23 June 2018

How do you explain this?

Sharmila was driving down I-64 deep in the mountains of West Virginia. I was busy trying to take pictures with my camera.

Glanced at my phone to see if we had any connection. What I saw was very surprising… look at the top left corner of the pic.

The surprising part was NOT that we still had 4G connection in such a remote place. The surprising part was we are T-Mobile customers!!!

The phone has been on AT&T network for over an hour. In fact, I am posting this thru that connection….


22 June 2018

Gem by the roadside…

As you drive up north on 75 in Kentucky, you will come up against a small town called Berea. If you exit into that town, within a quarter mile, you will see a big sign for “Kentucky Artisanal Center”. If you have time, get in there.

Amazing arts center in the middle of nowhere. All featured artists are from Kentucky and you can see some really wonderful paintings, wax work, blown glass work, metals work and so on and so forth.

Sharmila and I spent over an hour enjoying the artists’ works…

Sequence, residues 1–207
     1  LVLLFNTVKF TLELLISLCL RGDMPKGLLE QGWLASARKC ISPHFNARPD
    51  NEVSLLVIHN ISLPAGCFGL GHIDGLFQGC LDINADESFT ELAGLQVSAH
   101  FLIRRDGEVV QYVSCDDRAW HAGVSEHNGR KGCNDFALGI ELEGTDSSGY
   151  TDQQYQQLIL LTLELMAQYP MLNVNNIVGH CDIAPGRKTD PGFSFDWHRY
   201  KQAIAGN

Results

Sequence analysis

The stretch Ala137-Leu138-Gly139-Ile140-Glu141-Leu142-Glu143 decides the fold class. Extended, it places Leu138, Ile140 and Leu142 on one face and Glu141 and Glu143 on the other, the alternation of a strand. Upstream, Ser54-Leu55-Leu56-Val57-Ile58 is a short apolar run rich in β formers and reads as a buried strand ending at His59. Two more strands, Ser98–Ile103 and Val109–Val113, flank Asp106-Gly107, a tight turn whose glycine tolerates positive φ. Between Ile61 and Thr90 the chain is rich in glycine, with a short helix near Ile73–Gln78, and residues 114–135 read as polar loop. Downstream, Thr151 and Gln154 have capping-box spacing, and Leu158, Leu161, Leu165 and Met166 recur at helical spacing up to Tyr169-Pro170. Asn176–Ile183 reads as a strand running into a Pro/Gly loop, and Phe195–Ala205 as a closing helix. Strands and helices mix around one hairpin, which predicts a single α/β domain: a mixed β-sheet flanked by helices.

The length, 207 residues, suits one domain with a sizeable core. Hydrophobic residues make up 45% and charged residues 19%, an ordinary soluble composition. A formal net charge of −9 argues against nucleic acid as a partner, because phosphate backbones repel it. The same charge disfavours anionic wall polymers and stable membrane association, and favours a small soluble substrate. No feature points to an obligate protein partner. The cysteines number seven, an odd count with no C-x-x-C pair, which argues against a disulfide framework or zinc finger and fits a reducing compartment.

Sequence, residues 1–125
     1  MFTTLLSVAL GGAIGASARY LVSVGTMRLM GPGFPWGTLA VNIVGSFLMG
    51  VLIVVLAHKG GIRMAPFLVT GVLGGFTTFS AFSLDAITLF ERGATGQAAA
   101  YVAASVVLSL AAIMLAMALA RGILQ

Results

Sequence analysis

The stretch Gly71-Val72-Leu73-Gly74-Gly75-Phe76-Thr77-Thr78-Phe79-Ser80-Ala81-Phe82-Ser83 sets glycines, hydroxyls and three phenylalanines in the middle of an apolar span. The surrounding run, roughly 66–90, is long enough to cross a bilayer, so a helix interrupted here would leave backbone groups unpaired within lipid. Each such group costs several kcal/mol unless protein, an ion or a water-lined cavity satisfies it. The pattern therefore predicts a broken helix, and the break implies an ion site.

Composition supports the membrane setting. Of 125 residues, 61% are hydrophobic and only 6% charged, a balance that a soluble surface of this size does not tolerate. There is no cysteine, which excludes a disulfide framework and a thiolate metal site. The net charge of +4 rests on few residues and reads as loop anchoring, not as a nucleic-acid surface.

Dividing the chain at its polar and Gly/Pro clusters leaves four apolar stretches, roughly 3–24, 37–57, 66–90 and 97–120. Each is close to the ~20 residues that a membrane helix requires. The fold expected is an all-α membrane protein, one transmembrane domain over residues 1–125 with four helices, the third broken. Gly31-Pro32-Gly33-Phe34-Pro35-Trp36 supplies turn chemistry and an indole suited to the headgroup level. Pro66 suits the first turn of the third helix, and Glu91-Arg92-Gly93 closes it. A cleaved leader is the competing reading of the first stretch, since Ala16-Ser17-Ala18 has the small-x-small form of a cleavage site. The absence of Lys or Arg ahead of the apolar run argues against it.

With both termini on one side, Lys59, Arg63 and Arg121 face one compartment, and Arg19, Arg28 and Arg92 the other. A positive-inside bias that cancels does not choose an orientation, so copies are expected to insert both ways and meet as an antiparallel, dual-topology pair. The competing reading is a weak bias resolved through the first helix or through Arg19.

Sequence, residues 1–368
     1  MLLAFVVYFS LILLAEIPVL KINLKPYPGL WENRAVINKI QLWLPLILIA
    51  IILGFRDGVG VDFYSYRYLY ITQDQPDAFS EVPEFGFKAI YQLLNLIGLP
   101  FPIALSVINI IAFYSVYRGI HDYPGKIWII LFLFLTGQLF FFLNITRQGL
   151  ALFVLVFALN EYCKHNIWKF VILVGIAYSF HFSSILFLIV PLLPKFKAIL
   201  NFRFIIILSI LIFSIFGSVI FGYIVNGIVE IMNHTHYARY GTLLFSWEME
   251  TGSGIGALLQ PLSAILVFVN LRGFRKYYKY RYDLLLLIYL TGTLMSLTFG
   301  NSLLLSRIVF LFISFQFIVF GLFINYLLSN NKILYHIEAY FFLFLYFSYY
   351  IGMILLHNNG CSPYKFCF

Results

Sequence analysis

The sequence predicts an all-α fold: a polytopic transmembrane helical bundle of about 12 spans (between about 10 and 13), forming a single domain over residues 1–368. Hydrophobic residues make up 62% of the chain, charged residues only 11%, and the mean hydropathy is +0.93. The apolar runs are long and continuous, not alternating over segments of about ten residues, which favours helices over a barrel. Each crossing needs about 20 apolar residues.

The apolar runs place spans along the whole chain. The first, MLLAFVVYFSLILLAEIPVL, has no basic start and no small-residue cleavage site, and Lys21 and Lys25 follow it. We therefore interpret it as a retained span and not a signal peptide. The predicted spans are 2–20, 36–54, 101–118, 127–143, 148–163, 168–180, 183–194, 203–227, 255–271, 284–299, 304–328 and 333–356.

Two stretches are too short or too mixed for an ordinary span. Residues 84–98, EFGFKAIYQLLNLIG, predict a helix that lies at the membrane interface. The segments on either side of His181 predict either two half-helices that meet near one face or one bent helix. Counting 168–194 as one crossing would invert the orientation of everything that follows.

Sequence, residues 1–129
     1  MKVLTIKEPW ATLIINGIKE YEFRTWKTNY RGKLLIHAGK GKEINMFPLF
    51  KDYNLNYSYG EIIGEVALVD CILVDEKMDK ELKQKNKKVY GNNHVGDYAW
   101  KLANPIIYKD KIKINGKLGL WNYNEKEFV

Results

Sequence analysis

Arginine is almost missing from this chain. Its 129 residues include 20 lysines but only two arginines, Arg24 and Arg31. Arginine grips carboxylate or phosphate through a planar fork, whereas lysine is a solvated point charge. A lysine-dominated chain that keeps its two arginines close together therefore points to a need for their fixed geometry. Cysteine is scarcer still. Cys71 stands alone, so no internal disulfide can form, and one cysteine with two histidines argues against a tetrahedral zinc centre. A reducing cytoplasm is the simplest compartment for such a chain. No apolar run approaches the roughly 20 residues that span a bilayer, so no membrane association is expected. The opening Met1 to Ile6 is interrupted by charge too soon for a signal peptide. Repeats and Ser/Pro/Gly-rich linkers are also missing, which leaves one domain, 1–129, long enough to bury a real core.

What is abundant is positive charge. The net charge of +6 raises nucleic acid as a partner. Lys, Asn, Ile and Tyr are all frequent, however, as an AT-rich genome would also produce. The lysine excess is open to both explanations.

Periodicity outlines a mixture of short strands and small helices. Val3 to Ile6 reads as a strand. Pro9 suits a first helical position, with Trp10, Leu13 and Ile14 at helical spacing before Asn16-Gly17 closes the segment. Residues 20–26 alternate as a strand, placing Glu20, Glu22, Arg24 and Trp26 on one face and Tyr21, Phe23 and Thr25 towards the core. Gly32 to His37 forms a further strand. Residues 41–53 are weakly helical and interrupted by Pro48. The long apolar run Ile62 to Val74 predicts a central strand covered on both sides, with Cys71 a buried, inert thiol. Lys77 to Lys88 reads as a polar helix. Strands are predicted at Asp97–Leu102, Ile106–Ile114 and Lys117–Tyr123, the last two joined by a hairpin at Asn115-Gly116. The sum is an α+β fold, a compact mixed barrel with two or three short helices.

22 June 2018

Question for all train experts

In Bryson City, while they were rearranging the coaches for the train, I noticed something. Growing up in India, every coach of a train used to have two huge buffers on either end. Looked like two big cylinders with two large plates in front (of course, with some humongous springs inside). I remember watching as they would attach one coach to the other how the train driver would back the train at very slow speed to the coach to be attached. The buffers from either side would eventually make contact with a large noise, the springs would give in and then eventually recoil.

I noticed that the coaches in the train in Bryson City had no buffers. In fact, as the driver backed in slowly, the trap mechanism eased into the vault that looked like a rack and pinion joint and almost seemed to autolock. There was no recoil whatsoever. More interestingly, when the driver pulled forward, there was no “give”. You know – like the first compartment would move a second earlier than the second one (till the springs got elongated enough to make it a taut connection) etc etc. Here the whole train moved simultaneously when it started as if it was one solid body.

I assume these connection technologies have changed over the years? In India, do we still have the “buffers?”. Were they ever in use in US?

Are there any train experts in this group?

22 June 2018

Stopped over at our friends’ place…

For the second night of the trip, we swing by our good old friend Budhu’s house in Knoxville. Ranjan-da came over too. We missed both Arpita (in India now) and Nita-di (in Davidson right now). A good relaxed evening on Budhu’s deck over some wine as he kept himself busy with the grill…